What a difference a year makes.
Last season, just three new first-run syndicated strips made it to air: Warner Bros.’ “The Tyra Banks Show,” NBC Universal’s “Martha” and Twentieth’s “Judge Alex.” But this year, bucking the trend of the past few seasons, the number of new strips is up.
The mood at the National Association of Television Program Executives convention last January reflected that dearth of product.
After false starts on a Sony Pictures Television project involving Howard Stern’s radio sidekick Robin Quivers and a proposed syndicated series with financial guru Suze Orman from Twentieth Television, executives were filled with uncertainty about the state of debuting first-run strips from the major distributors.
This year, at least nine first-run strips are being sold or have already been cleared nationally.
Among the distributors heading to NATPE with new shows for this fall are 2005 sideliners King World Productions and Sony.
King World is distributing “Rachael Ray,” while Sony has gone from no projects to two, thanks to its court strip with Judge Maria Lopez and talk show with author and comedian Greg Behrendt.
For Sony, coming out with multiple projects after a year off is no accident, said John Weiser, president of distribution for the company.
“We weren’t developing in a vacuum,” Mr. Weiser said, explaining that Sony’s deal made last year with the Tribune-owned stations to develop a new strip for fall 2006 made it much more likely that Sony would get a show on the air. That show became Mr. Behrendt’s new strip. Unlike other major distributors, Sony does not own a station group to sell to. “We really believe collective development is Sony’s way to the future,” he said.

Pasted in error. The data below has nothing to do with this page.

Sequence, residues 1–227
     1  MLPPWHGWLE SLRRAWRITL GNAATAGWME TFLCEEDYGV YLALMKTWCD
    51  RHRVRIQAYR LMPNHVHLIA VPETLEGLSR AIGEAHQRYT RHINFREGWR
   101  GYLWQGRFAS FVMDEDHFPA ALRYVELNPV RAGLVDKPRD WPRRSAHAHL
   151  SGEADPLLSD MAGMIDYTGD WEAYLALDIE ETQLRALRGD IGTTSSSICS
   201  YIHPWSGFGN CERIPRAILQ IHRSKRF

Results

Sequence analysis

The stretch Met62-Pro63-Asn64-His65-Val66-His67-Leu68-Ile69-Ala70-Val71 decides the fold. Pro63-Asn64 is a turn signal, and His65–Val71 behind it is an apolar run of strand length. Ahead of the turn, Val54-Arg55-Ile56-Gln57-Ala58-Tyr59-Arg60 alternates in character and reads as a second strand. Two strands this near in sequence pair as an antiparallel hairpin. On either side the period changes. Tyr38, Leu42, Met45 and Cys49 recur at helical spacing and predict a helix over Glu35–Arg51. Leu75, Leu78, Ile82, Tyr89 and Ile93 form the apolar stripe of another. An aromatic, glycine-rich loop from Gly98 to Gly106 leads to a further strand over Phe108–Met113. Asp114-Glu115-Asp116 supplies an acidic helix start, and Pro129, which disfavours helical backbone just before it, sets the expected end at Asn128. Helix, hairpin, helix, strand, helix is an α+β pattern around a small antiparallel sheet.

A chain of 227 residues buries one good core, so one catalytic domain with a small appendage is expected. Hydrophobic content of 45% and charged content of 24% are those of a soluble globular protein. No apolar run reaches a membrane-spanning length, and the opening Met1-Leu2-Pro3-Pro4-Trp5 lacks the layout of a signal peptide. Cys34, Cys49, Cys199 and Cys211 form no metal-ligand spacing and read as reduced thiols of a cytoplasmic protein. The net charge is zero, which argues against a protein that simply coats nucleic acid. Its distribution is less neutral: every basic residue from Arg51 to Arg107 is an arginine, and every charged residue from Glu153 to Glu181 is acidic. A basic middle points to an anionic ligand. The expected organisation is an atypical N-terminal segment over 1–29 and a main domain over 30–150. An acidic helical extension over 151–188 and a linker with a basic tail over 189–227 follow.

It also meant not sitting back and waiting for a merely adequate show to develop on its own, he said.
“Mediocre doesn’t fly anymore,” Mr. Weiser said. “You’ve got to step up. We got aggressive.”
Other factors have come into play as well, said Bob Cook, president and chief operating officer of Twentieth Television. With an increasing amount of original choices from cable, stations couldn’t afford not to introduce something fresh. That’s in part why Twentieth is launching “Desire,” a wheel of English-language telenovelas.
“The station community was clamoring for something new that would set them apart from their competitors,” Mr. Cook said.
And the renewed interest in courtroom projects is a product of the format’s own strengths, said Joanne Burns, Twentieth’s executive VP of marketing, research and new media.
“Every station guy has to say what genre’s working, and last year court was the healthiest genre,” Ms. Burns said. “The average [national household] rating is a 3-plus.”
Rolling out a strip also means making sure your product will be as ready for the market and as attractive as possible, said Roger King, CEO of CBS Enterprises and King World.
“Last year stations were clamoring because they didn’t like what they had to buy,” Mr. King said. “They were begging. We don’t come out with a show before its time.”
NATPE 2006: Bumper Crop of First-Run Product
Jan 23, 2006 • Post A Comment
What a difference a year makes.